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Are BJT transistors voltage or current controlled?

  1. Jan 27, 2012 #1
    Hello Forum,

    question about BJT transistors: some books say that they are current (base current) operated...
    Some other books state that the emitter-collector current is controlled by the voltage between the base and the emitter.....which one is correct?
    FET are voltage controlled....

    Holes are not really carriers, correct? They are just empty places that can be filled by electrons...

    Also, a transistor, in general, can act as a switch (ON or OFF) or as an amplifier...
    But it is not an active device that produces extra energy: it simply acts like a switch, but instead of being a binary switch (only ON or OFF), it acts as a continuous switch...that is what is mean by amplification: the transistor allows more or less current in an analog fashion...

  2. jcsd
  3. Jan 27, 2012 #2
    in case of FET we assume the gate resistance is infinitely high. Thus the current through gate is ideally zero. In fact a field across the oxide layer is set up which determines drain current. Thus the current is dependent on the field which in turn is dependent upon the voltage.

    In case of BJT there's a finite amount of base current that flows between the emitter-base junction which also has a voltage drop across is. Thus the base-emitter voltage and the base current are interrelated by a formula. We can say BJT can either be controlled by the base current or the base-emitter voltage.
  4. Jan 27, 2012 #3
    Holes are not actually a particle. But they do carry charge, which is important enough in electronics.
    The transistor works as switch or amplifier, depending on the way you designed the circuit.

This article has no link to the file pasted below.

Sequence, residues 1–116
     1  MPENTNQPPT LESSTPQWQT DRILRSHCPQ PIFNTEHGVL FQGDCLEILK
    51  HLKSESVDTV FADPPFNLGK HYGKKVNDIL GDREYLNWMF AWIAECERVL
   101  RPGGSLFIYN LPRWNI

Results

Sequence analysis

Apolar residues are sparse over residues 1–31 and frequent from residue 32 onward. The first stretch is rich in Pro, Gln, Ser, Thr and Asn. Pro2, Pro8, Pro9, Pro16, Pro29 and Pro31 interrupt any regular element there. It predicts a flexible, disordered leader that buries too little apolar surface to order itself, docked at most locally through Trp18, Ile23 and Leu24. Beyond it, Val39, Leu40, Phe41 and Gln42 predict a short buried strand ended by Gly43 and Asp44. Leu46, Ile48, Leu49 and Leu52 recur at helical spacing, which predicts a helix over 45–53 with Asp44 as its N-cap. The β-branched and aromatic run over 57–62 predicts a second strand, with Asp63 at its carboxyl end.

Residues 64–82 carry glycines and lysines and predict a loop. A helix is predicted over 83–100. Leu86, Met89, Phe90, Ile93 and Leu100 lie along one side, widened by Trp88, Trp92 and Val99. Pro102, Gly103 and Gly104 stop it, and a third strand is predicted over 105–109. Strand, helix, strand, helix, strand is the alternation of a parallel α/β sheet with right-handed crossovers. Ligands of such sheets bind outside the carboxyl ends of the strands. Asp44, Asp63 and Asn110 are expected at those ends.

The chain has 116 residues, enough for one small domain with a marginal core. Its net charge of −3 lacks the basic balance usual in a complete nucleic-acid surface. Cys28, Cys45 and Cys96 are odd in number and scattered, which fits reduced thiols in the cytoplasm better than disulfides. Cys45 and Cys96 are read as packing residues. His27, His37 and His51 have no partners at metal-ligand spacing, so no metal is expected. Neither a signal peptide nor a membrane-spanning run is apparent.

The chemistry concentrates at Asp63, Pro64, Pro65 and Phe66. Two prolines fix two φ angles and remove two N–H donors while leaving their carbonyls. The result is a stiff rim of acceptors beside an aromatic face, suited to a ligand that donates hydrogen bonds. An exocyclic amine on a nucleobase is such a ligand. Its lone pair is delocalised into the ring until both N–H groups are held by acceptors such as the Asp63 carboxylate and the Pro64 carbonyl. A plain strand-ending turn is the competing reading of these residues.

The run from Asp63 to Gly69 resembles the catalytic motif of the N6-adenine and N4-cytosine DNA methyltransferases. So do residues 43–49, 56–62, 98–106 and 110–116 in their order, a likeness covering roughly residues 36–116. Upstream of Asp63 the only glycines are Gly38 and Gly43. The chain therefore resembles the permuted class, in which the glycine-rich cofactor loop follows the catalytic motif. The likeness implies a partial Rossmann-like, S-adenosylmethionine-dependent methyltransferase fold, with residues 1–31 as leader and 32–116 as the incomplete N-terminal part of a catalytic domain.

In fact the switch operation of transistor is a very crude approximation of an amplifier.
  5. Jan 27, 2012 #4
    Thanks Kholdstare!
  6. Feb 4, 2012 #5
    Hello Forum,

    I was reading the following explanation about diodes at


    It looks like electrons and holes are moving towards each other, like two diffusing gases.
    As electrons move from the N type region to the left they automatically form a hole that is filled by an electron that is now moving into it.
    On the P type region part of the diode, holes are moving to the right. A hole moving to the right is equivalent to an electron moving to the left, correct?

    So, eventually, all electrons are moving to the left, creating a current, which is actually by convention going in the right direction....

    Must the doping of the N type need to be the same as the doping of the P type? Does the number of holes in the P type region need to be the same as the number of electrons in the N type region?
    If not, why not?

  7. Feb 4, 2012 #6
    If the diode is made of a specific material, everytime an electron jumps into a hole light can be emitted (LED), correct?
    Does the light emission occur both within the P type and N type or only in some specific region of the combination?

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